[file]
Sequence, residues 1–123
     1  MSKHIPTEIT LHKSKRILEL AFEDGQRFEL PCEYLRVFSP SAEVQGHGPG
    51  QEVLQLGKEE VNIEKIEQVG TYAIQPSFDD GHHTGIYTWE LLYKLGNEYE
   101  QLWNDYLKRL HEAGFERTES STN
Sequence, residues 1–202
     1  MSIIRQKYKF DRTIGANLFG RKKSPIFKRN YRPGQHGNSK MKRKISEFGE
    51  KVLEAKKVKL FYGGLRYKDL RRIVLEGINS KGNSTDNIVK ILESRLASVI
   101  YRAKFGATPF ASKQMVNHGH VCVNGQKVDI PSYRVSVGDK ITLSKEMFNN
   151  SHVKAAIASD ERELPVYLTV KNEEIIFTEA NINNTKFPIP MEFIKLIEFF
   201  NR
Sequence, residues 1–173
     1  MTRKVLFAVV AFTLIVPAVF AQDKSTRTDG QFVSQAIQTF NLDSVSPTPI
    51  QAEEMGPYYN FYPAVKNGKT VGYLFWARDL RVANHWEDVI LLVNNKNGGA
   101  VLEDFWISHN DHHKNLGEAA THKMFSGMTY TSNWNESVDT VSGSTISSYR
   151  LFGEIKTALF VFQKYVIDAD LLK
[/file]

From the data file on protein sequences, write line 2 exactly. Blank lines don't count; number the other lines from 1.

     1  MSKHIPTEIT LHKSKRILEL AFEDGQRFEL PCEYLRVFSP SAEVQGHGPG